Investigation of DCP and SSG as alternative methods to determine subgrade stability
Wisconsin Highway Research Program
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The use of the soil stiffness gauge (SSG) and dynamic cone penetrometer (DCP) for earthwork property evaluation is investigated in this study. SSG and DCP survey data of natural earthen materials, industrial by-products, chemically stabilized soils, and other materials from thirteen construction sites around the state of Wisconsin are presented along with their correlation with each other as well as with density and moisture content obtained from traditional tests. Weighted average of DCP penetration index (DPI) over depth of measurement is employed to obtain a representative strength index of the material. This approach provided better correlations than the arithmetic average. The dependency of SSG stiffness and DPI strength index on dry unit weight and water content followed, in general, a pattern consistent with those in other research on stiffness and strength. A simple linear semi logarithmic relationship is observed between SSG stiffness and DPI. DPI weighted average over a DCP penetration depth of 152 mm yields the highest coefficient of determination and also yields a statistically significant relationship between the SSG stiffness and DPI for all materials except fly ash-stabilized soils. This depth is consistent with the significant depth of measurement for the SSG as shown in a previous study. The SSG and DCP provide a convenient means of assessing stiffness and strength of earthen construction materials in the field.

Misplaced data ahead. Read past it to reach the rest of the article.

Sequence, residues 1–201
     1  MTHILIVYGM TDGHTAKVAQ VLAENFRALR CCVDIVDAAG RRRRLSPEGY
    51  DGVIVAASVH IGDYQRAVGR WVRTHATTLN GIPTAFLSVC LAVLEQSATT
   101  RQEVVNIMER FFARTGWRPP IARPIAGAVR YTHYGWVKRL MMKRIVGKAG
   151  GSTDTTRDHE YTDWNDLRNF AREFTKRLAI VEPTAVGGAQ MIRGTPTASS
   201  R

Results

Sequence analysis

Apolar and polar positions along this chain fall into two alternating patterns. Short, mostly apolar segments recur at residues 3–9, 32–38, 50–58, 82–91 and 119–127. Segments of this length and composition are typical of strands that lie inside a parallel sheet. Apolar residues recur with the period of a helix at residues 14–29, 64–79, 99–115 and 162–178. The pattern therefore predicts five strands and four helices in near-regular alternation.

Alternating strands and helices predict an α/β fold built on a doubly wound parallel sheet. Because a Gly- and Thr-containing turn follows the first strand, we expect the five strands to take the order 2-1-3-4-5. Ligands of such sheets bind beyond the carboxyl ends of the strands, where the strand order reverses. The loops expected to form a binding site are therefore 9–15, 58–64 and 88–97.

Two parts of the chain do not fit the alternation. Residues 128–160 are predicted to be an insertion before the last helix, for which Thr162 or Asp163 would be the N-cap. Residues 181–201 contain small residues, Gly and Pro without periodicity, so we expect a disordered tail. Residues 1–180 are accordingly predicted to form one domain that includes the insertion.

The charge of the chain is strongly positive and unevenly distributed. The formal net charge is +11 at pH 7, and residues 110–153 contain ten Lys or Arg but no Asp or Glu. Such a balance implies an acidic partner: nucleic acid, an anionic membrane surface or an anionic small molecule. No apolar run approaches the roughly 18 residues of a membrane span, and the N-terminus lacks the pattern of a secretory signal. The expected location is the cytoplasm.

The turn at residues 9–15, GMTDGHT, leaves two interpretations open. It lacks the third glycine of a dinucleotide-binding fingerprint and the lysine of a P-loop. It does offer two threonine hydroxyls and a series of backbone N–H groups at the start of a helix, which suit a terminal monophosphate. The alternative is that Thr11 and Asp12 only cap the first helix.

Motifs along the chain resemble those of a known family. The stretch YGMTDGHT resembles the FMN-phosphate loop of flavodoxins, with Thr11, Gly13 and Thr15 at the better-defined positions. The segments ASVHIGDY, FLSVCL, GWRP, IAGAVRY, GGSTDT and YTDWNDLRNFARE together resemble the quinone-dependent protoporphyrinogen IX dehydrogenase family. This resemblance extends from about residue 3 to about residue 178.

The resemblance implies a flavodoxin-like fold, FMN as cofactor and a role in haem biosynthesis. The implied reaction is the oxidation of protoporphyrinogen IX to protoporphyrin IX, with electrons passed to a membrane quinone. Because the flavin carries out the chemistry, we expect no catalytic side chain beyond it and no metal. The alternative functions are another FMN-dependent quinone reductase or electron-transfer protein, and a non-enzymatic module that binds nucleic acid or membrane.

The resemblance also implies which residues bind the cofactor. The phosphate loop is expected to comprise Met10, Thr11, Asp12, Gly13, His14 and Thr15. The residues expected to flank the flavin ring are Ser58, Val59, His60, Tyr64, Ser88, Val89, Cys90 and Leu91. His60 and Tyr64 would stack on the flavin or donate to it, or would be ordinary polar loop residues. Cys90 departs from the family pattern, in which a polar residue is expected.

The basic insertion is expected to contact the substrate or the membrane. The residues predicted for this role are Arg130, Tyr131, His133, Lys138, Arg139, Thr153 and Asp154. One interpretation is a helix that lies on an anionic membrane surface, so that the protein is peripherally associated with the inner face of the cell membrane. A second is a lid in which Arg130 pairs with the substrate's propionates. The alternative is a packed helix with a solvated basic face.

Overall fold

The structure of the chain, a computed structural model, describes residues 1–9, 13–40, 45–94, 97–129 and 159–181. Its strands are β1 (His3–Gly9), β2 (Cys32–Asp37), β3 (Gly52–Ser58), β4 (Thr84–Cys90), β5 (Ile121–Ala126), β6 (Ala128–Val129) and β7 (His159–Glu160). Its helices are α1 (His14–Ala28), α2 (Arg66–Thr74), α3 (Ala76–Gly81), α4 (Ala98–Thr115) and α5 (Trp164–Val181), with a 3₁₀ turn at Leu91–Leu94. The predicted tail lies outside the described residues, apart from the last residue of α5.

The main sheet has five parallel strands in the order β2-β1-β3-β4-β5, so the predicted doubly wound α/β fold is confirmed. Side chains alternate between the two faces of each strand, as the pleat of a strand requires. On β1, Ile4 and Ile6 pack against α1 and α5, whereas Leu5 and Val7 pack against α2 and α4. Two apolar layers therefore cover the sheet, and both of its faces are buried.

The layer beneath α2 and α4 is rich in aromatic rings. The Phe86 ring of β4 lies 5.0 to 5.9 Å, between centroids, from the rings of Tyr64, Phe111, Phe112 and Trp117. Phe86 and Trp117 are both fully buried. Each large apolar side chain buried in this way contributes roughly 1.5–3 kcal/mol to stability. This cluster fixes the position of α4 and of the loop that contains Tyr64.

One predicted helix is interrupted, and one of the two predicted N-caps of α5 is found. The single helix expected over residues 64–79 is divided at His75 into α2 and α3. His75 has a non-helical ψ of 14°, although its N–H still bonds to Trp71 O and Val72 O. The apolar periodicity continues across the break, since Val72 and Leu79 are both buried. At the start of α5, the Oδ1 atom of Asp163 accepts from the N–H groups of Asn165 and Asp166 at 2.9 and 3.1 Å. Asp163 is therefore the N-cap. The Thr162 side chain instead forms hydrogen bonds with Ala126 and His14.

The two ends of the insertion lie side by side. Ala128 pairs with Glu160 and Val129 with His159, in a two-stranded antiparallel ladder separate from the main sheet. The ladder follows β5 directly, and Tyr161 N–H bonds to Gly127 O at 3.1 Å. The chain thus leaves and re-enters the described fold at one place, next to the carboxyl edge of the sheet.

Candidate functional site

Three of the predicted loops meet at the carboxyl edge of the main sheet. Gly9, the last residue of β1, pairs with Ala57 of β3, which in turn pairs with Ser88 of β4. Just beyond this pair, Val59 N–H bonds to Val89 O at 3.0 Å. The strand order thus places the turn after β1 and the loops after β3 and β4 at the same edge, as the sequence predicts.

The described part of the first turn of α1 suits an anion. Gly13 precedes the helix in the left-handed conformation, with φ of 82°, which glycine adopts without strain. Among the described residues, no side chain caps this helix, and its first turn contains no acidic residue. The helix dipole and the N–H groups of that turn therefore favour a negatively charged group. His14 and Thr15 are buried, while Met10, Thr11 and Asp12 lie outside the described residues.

Strength of materials